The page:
To begin my exploration of the public health field, I headed to my local library and picked up Epidemic! – The World of Infections Disease, edited by Rob DeSalle. This collection of essays by epidemiology researchers is intended to introduce the layperson to the field. Here’s what I’ve learned and asked myself through the first 60 pages:

  • Infectious diseases often depend upon their host remaining alive in order to spread. The same is true for “infectious” malware (which probably refers more to worms and other self-replicating code than to drive-by downloads, which seem more like chemical weapons). After all, if a worm causes its host machine to stop functioning (or for someone to shut it down), it won’t spread.
  • The malware world already uses some terminology from epidemiology: hosts, vectors, infections, viruses, etc. One term that we don’t use is “reservoir,” which refers to the location where an organism lives (and in some cases multiplies) before infecting a host. This seems like it could be a good way to describe websites that have bad code residing on them but are not actually infected with the malware themselves.
  • A given infectious disease exists in a particular cultural & ecological context. [p. 33] In other words, disease is dependent upon favorable conditions. This applies to malware, too. The mass mailing worms earlier this decade, for example, were only successful due to the large, interconnected population of Outlook users willing to open unknown messages.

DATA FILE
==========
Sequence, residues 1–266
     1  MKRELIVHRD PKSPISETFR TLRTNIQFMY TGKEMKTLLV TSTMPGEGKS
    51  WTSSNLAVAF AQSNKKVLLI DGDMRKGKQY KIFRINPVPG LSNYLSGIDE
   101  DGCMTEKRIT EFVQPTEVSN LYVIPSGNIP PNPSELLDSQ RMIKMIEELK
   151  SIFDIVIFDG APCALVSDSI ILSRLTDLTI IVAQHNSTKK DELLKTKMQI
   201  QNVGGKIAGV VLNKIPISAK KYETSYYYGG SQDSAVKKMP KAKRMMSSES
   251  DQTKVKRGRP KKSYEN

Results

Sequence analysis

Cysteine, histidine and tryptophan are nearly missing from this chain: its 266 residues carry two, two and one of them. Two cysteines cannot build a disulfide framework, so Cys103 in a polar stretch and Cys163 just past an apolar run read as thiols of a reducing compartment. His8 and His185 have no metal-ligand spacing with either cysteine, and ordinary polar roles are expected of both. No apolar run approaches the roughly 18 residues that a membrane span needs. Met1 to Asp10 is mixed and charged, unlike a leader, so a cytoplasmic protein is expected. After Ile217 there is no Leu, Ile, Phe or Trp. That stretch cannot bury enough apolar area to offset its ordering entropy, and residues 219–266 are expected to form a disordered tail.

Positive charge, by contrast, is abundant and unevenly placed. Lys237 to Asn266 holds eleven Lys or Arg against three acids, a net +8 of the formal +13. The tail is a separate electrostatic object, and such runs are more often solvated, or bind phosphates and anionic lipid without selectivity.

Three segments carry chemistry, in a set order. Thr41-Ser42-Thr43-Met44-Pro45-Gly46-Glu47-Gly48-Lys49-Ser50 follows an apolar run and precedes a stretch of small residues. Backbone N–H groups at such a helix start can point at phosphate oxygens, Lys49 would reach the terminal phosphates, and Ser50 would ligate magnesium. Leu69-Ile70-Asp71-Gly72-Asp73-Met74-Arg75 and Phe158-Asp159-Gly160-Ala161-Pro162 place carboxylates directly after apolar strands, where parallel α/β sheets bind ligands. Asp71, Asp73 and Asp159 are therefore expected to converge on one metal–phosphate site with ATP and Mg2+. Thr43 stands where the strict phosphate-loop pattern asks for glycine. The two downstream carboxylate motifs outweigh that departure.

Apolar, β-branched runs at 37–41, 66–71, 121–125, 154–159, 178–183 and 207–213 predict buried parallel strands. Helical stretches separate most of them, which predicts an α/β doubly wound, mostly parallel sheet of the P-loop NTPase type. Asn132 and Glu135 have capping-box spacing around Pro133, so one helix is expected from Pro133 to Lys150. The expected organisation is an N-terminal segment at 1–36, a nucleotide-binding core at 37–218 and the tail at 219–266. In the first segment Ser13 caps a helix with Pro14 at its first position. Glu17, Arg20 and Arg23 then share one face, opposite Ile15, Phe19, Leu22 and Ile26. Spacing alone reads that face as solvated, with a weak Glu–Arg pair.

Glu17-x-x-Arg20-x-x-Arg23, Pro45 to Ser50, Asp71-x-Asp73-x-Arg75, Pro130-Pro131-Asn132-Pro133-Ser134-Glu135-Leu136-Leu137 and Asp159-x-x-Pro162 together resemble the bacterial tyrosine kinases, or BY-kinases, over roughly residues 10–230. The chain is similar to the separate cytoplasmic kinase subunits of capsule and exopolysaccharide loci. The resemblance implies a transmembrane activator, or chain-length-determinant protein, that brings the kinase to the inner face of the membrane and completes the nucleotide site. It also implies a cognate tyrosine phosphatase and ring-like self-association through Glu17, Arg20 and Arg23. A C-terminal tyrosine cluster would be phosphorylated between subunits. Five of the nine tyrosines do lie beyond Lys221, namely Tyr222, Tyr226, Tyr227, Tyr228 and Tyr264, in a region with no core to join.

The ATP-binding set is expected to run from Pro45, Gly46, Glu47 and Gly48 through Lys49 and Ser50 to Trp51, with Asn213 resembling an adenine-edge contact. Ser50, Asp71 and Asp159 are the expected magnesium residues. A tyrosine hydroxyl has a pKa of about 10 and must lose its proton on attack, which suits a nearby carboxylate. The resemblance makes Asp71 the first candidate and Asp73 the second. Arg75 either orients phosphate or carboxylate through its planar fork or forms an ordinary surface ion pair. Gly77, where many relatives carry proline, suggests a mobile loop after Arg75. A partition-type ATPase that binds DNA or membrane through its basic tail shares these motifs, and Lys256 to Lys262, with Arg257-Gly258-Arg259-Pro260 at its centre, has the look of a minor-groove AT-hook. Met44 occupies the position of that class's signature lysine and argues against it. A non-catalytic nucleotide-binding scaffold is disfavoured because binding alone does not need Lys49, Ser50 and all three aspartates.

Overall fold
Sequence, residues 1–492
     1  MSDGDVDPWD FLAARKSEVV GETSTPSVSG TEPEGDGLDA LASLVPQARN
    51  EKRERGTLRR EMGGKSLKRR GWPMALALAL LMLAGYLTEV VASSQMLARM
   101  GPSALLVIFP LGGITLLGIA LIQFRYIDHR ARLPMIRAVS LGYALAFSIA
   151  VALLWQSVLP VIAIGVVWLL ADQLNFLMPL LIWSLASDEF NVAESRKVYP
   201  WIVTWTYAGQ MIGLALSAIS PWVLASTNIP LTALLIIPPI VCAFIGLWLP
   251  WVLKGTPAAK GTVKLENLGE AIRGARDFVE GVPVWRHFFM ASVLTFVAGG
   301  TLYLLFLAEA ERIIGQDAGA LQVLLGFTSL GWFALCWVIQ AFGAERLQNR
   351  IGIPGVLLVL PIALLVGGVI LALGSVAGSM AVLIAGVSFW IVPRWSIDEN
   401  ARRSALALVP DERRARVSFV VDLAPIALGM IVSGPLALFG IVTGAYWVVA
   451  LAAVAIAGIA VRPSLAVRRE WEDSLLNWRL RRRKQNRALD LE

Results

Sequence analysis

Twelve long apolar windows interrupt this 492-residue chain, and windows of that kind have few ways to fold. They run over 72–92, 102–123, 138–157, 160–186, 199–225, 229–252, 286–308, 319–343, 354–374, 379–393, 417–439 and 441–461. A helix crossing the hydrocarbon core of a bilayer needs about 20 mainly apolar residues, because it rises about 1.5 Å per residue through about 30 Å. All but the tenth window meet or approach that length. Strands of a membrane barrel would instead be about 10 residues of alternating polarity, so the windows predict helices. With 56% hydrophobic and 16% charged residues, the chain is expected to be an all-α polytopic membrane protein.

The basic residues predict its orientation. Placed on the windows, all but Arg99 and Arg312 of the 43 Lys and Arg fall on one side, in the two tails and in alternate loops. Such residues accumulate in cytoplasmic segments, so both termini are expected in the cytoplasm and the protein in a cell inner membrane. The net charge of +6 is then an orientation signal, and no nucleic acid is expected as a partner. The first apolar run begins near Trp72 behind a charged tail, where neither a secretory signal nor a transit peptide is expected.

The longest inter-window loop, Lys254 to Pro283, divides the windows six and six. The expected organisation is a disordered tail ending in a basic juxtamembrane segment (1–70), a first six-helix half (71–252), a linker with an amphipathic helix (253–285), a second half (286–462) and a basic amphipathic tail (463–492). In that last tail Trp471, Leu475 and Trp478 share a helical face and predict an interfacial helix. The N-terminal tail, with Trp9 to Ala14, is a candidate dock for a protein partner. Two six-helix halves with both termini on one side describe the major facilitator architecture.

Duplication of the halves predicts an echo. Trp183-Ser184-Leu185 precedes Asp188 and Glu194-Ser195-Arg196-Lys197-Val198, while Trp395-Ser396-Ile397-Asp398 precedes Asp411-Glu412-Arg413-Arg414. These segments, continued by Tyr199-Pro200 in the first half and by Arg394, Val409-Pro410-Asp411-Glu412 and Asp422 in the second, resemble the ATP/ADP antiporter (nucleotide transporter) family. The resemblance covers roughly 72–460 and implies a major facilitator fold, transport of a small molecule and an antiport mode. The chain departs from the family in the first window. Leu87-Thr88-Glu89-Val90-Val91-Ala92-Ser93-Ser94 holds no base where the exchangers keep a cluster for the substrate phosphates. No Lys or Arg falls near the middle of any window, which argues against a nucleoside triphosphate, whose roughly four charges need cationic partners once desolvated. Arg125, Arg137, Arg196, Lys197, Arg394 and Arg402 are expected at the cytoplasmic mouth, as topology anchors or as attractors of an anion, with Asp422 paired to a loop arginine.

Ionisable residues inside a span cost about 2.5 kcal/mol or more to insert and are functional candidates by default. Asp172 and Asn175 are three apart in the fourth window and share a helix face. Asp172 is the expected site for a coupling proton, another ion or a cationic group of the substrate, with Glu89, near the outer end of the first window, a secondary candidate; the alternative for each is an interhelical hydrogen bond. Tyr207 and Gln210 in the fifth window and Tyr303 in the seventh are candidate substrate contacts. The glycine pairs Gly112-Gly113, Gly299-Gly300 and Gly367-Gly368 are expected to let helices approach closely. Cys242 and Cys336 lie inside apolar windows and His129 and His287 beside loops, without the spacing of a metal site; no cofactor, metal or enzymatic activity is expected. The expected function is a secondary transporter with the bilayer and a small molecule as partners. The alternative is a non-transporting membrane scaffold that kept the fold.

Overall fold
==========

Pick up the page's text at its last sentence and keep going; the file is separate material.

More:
• Some of the conditions that make us susceptible to infectious disease include our internal balance being of, our ecosystem changing, and traveling to a different ecosystem. [p. 40] Many parallels there, and it raises the question: what are the conditions that make us susceptible to malware infection?
  • Diversity within an infectious species helps it to adapt and survive [p. 49], much like a mutating computer exploit is able to evade many traditional defenses.
  • “Motivating appropriate human individual behavior and constructive action, both locally and on a larger scale, is essential for controlling emerging infections. Ironically, as AIDS prevention efforts have shown, our knowledge of human behavior remains one of the weakest links in our scientific knowledge.” –Steven S. Morse [p.55] There’s no question that understanding the human behavior side of things (esp. with regard to social engineering, but also to protecting systems, etc.] is critical to solving the malware problem.
  • It’s not uncommon in epidemiology for a previously undetected infectious agent, once it is detected, to be viewed as an “emerging threat,” when in reality, it may have been there a lot longer than we realized. [p. 55] I wonder how true this is in the malware world. My inclination is to think it doesn’t apply all that much. (It does for vulnerabilities, but I’m not sure it does for the malware itself.)
  • Diseases sometimes reemerge due to lax controls once the previous outbreak seemed controlled. [p. 56] We’ve seen this at times in the malware world, but one of the common solutions to an “infectious outbreak” of malware is “immunizing” the systems to that malware through patching or definition updates, so we don’t often see the same malware attack again in the same way.

Note: I’ve included page numbers from the book for my own ability to refer back and for the benefit of anyone else who might pick it up. These references do not include the author and essay title, so I wouldn’t suggest using these as citations in school papers or published works.

This entry is part of a series. See the introduction for more information.

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